Jan. 6, 2021 – Constant change may be the internet’s most reliable attribute. When websites change, most of us don’t notice. After all, having the most updated information is usually ideal for researchers and casual browsers alike. What happens when you need to research older information that has been removed from a website?
There are several research strategies to find information that has disappeared, but my first source is always the same – The Wayback Machine.
About the Wayback Machine
With a little over 20 years of archived publicly available webpages, the Wayback Machine is the first place to look for older website content. A project by the Internet Archive, the website captures snapshots of websites and publicly available online documents during a given time, and makes them available to researchers.
Carol Hassler is a law librarian at the Wisconsin State Law Library. She is a member of the Law Librarians Association of Wisconsin (LLAW). LLAW's Public Relations Committee coordinates regular contributions by its members to InsideTrack.
Launched in 2001, the Wayback Machine’s archive goes back to 1996. Find everything, from ridiculous fads like the "Hampster Dance" from 1997, to official government websites like this version of the State Law Library website from 1999.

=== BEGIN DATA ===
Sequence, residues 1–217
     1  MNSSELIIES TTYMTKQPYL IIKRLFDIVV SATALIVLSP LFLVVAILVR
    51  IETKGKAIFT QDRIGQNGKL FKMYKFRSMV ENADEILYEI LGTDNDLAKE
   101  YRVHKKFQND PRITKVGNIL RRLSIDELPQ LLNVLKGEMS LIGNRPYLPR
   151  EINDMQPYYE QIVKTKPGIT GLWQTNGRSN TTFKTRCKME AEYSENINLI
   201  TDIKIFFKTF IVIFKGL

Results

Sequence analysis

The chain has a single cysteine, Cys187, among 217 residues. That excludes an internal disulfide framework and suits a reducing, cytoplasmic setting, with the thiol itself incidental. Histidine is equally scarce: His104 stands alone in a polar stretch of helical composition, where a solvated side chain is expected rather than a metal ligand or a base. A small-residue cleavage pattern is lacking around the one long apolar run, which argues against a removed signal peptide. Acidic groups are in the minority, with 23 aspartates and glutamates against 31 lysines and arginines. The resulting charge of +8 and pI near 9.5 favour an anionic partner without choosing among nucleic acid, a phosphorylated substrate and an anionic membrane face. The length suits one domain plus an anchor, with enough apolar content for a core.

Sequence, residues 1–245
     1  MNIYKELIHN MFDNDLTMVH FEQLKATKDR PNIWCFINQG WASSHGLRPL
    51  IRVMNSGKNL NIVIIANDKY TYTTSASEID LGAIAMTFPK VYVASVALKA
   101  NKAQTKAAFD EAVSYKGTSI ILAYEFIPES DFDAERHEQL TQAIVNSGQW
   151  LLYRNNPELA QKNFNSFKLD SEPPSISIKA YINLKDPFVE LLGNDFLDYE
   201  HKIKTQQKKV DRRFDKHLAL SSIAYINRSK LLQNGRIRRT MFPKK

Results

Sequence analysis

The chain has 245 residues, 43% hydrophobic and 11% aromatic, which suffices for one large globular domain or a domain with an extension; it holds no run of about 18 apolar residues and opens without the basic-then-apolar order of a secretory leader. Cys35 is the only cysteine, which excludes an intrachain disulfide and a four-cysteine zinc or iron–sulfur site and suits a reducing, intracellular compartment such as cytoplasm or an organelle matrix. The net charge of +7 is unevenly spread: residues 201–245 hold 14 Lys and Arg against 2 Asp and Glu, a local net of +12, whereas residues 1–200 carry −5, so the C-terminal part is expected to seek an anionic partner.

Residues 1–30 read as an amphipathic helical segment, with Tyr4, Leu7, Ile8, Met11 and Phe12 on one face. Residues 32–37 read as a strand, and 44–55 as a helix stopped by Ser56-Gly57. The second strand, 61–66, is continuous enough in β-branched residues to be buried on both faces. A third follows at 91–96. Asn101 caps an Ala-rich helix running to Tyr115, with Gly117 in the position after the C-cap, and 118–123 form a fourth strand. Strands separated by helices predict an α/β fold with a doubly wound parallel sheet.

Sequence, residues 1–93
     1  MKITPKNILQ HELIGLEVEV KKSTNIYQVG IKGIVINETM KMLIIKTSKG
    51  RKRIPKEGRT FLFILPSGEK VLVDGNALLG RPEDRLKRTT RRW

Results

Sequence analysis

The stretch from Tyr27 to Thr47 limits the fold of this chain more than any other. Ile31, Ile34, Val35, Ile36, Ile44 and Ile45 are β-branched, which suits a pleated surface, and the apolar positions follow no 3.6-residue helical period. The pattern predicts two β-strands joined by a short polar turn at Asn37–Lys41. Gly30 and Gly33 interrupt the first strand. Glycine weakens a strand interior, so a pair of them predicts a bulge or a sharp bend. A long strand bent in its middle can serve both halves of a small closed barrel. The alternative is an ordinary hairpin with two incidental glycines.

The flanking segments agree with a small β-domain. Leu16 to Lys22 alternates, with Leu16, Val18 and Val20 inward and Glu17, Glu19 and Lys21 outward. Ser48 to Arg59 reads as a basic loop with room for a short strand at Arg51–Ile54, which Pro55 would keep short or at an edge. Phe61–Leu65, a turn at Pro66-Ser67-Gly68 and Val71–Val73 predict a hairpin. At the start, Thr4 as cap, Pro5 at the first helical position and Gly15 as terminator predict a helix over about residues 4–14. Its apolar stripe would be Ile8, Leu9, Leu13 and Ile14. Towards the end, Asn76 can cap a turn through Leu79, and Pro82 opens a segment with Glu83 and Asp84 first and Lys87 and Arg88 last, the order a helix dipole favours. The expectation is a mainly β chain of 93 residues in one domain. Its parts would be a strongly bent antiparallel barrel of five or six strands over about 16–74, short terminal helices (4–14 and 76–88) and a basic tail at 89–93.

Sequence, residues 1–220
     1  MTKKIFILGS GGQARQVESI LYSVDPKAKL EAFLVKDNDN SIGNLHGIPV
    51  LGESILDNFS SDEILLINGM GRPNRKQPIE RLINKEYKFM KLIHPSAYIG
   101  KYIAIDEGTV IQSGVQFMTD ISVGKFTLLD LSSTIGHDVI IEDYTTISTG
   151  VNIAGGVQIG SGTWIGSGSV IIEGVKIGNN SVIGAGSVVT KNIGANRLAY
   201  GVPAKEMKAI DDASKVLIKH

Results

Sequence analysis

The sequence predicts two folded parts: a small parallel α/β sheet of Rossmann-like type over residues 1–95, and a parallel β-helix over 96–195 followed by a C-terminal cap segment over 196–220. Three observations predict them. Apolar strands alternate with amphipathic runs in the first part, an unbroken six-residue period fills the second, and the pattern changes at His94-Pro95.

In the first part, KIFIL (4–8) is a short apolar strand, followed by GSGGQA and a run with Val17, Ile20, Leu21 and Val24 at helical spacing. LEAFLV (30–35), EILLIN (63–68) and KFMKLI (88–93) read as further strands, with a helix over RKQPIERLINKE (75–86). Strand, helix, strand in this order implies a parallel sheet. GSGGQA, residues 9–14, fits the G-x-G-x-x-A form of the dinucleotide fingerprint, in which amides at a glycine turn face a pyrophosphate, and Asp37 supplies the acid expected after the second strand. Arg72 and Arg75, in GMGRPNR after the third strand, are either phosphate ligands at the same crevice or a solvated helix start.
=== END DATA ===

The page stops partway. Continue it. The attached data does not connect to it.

Archived Sites Are Useful
The Wayback Machine is very useful for legal research. Law review, bar publications, or legal opinions may include links to websites or online reports, or a continuing legal education (CLE) program from last year might have provided a list of websites that are already out of date.
Current websites also suffer this fate. Broken links are common on the web, and sometimes the information that was linked is simply no longer online. The Wayback Machine is one way to recover this information.
Researching archived websites also delivers a treasure trove of historical information. Company websites, a rich resource for competitive data, product sheets, or analysis, change over time.
Historical local ordinances or other sources that aren’t typically found in statewide databases can sometimes be found using the Wayback Machine.
How to Use the Wayback Machine
Using the Wayback Machine is simple:
If a URL is archived, the first page you see is a calendar of snapshots. You can browse archived pages using the year slider at the top, and then the individual dates within each year (see Figure 1).
Figure 1. The Wayback Machine’s calendar shows the number of captures per year for the Wisconsin Department of Justice website.
The year slider near the top graphs how many captures the archive has per year. The number of archived snapshots can also vary widely from page to page even on the same website.